The BackPacker grid may be more efficient, but all you really need is a bag support. I have been using a larger model that fits a 10" stock pot for about five years and it works great. No grid, just holes. So what if it is 5% slower, you can custom fit a steamer to fit you cook set, and always have it with you. Do you know how good chocolate cake smells on the trail? You could almost trade it for sex!

Try it, you will like it!

SGT Rock
2005-04-25, 16:15
How big a hole can that Whitney punch make? How much do they cost? And, where do I get one?

Rosaleen
2005-04-25, 16:16
Lanthar-

You are welcome---A point about brownies. They do not usually do well with cooking by steaming. Too much fat, IIRC.

This could be the one area that only an Outback can do for baking: regular brownies. I've read of substitutes that call for melting chocolate and stirring in graham cracker crumbs. My chocolate would be eaten before the crumbs could be crushed.....

R

bstwo
2005-04-25, 17:01
SGT Rock,

The Whitney Punch comes with punches and dies from 3/32-9/32" or the metric equivalent. the real WP will set you back about $70, or you can buy a nock off at Harbor Freight for $17, you do the math. Several other internet clan have bought the one from HF and been happy with it. I looked at one, and would buy it, but I already have several.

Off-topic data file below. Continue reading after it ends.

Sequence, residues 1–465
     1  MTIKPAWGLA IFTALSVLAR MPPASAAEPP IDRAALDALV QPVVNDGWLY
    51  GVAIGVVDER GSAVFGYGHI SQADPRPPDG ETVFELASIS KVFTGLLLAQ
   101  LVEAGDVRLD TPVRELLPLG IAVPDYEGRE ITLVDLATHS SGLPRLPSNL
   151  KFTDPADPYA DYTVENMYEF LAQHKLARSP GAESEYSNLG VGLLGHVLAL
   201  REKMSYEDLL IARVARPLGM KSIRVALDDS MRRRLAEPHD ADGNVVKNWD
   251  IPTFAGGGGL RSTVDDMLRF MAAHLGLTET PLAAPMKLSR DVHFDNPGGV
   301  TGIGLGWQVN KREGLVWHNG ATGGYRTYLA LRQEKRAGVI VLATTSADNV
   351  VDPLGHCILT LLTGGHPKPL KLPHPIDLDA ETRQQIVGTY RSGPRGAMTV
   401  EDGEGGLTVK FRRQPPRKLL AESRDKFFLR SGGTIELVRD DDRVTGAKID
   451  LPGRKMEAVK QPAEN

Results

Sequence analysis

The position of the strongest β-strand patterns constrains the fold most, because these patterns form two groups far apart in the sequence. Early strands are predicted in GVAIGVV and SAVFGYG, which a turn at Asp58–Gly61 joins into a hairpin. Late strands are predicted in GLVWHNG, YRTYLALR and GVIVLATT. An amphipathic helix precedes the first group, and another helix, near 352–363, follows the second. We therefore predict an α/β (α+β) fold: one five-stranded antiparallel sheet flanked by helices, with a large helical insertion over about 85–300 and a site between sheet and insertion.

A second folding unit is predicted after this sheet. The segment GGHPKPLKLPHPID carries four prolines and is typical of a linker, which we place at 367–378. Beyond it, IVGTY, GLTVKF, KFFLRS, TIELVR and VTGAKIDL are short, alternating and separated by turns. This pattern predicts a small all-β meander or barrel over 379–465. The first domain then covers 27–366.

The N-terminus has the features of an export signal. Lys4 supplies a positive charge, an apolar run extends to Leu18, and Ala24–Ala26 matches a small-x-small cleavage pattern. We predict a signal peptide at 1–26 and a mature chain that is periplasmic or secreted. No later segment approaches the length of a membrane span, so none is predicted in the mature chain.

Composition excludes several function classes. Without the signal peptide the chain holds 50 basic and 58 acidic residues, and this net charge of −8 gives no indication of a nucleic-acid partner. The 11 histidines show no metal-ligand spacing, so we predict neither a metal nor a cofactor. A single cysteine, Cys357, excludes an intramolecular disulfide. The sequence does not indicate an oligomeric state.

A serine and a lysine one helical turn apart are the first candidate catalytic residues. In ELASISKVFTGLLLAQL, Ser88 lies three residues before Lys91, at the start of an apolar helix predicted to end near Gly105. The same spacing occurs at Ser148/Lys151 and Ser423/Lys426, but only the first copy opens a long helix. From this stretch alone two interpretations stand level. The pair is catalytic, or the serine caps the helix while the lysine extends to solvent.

Rosaleen,

The directions on the BackPacker say NO FUDGE. Yep, must be the fat, but I have use Chocolate fudge cake mixes before, you just have to boil them longer, or have a gooier center, but who cares about a little goo.

GregH
2005-04-25, 17:19
I have Jean Spangenberg's "Bakepacker's Companion Cook Book" and she says it's the extra shortening that causes the interminable bake times for standard chocolate mixes.

bstwo
2005-04-25, 17:43
I also have the Companion book, lots of info and recipes.

GregH
2005-04-25, 18:01
I also have the Companion book, lots of info and recipes.

I baked her Cheese Biscuits on the trail this weekend. They were great.

Lanthar
2005-04-26, 18:54
The directions on the BackPacker say NO FUDGE. Yep, must be the fat, but I have use Chocolate fudge cake mixes before, you just have to boil them longer, or have a gooier center, but who cares about a little goo.

exactly, that's why the no-eg version is better... less cakey more gooey

a7u
2005-05-24, 23:03
One time I accidentally added a little too much water while re-hydrating powdered eggs. I tasted the soupy mess and realized, hey, it isn't too bad. Eggy hot water. So I pulled out a packet of dried soup mix & stirred it in. Since then I have used powdered eggs in the proper way but have added them to soups with great results. Good taste, good nutrition.

Lanthar
2005-05-25, 14:56
One time I accidentally added a little too much water while re-hydrating powdered eggs. I tasted the soupy mess and realized, hey, it isn't too bad. Eggy hot water. So I pulled out a packet of dried soup mix & stirred it in. Since then I have used powdered eggs in the proper way but have added them to soups with great results. Good taste, good nutrition.

That's not too bad of an idea